“Council had previously challenged staff to find revenue opportunities to help offset the need for tax increases. In early 2011, staff were authorized to negotiate with Pattison Outdoor Advertising in regard to a possible opportunity.

“An agreement between the district and Pattison was reached and announced at a June 6, 2011 open council meeting.”

This I had been tipped to: “A manufacturing defect in the shelters which caused leaking was identified and has now been fixed. Adjustments to some shelters are being made to better accommodate the pedestrian environment.

“The overall revenue to West Van over the 20-year term will be between $1.1 and $2.3 million depending on ad revenue.”

(Interjection: Let’s say West Van’s share of Pattison Outdoors’ revenue is $2 million. That’s $100,000 a year for a town whose 2011 operating and capital budget totalled $93,820,375. Wow. If council was swayed by that . . . well, another lesson for you rookie reporters: If you’re gonna sell yourself – at least go big.)

Mayor Smith continues: “The district would have had capital expenditures of approximately $700,000 if we had paid for the shelters.

“I do not think there is any appetite on council to attempt to buy our way out of this contract. I have observed in driving through West Van that they are being well used by our citizens, especially when it is raining.”

Some valuable facts, from a mayor who has already set the standard for blunt openness. But it says here that the process – the in-camera meetings, the announcement of a done deal to citizens who didn’t know any deal was contemplated – fatally wounded the deal.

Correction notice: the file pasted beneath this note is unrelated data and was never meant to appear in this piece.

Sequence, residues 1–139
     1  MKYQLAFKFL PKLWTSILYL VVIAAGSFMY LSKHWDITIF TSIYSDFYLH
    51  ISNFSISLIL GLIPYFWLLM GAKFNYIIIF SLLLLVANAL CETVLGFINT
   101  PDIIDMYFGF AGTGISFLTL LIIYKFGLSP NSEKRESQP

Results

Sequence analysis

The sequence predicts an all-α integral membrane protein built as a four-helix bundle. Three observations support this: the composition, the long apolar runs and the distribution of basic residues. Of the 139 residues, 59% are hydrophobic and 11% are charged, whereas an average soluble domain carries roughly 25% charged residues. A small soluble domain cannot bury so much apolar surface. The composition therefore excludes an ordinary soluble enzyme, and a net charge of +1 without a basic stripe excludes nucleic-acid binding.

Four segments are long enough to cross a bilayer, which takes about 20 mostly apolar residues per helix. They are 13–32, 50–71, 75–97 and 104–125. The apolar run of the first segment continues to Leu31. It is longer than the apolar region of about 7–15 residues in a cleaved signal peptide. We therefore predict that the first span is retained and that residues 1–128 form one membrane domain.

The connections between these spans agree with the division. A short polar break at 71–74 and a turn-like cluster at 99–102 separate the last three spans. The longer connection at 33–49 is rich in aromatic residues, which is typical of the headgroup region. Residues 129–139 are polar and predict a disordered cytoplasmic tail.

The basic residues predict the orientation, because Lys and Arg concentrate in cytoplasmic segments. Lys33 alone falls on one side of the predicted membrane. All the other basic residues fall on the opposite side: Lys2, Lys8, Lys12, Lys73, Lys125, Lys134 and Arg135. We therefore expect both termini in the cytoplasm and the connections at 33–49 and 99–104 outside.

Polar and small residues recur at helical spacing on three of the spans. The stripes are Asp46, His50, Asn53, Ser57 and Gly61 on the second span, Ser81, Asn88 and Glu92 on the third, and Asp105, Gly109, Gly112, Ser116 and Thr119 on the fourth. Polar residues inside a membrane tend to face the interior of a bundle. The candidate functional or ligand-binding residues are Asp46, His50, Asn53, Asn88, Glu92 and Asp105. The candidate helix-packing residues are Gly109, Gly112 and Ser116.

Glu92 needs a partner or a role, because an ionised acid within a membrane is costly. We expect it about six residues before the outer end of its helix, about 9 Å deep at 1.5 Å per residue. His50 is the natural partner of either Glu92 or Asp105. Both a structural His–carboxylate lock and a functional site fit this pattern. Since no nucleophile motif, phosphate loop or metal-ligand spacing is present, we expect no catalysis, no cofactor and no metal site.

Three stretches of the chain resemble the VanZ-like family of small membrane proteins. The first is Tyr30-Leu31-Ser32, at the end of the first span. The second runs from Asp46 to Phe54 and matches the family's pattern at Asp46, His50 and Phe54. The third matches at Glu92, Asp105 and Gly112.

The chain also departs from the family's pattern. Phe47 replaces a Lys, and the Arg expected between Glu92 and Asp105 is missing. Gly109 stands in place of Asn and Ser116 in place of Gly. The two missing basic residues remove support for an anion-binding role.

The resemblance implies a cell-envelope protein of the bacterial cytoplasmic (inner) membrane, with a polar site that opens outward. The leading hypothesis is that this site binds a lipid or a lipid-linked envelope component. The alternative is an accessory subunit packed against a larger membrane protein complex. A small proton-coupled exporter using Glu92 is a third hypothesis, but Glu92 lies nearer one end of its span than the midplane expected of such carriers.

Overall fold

What’s to be done? If councillors had the moxie to publicly acknowledge that the Pam Goldsmith-Jones council made an honest mistake, mesmerized by pretty pictures, and urge Pattison Outdoors to consider the citizens’ widely held dislike of the bus “shelters”- they’d be making a statement, putting it out there, and the onus would be on the company to respond: Back up. Or ignore. Which (see above) speaks.

My sense is that Jimmy Pattison is a popular, even beloved citizen. What’s the price tag on that, Jimmy?

I’ve received one response applauding the shelters. Of the many opposed, I treasure this: “The one that bugs me once a week is at Marine and 15th outside the Esso station, where I fill up. That was always a nasty right-hand turn onto Marine Drive, but the hoarding has now made it difficult to see oncoming traffic until half the car is out in the curb-side lane.

“I hope that if someone demolishes one of these eyesores they are taken to court and successfully plead that far from committing vandalism, they have committed beautification.”

. . .

The AmblesideNow redevelopment awaits West Van council’s initial green light Monday – as ceremonial as the Queen’s signature on legislation.

Grosvenor’s current vision: Two eight-storey commercial/residential edifices on the police station site, joined by a public access atrium connecting Marine Drive and Bellevue.

Can’t improve on Scenery Slater’s Feb. 24 letter to the News editor, in part: Council seems “bound and determined to take the ‘village’ and turn it into yet another Metrotown or Coal Harbour.”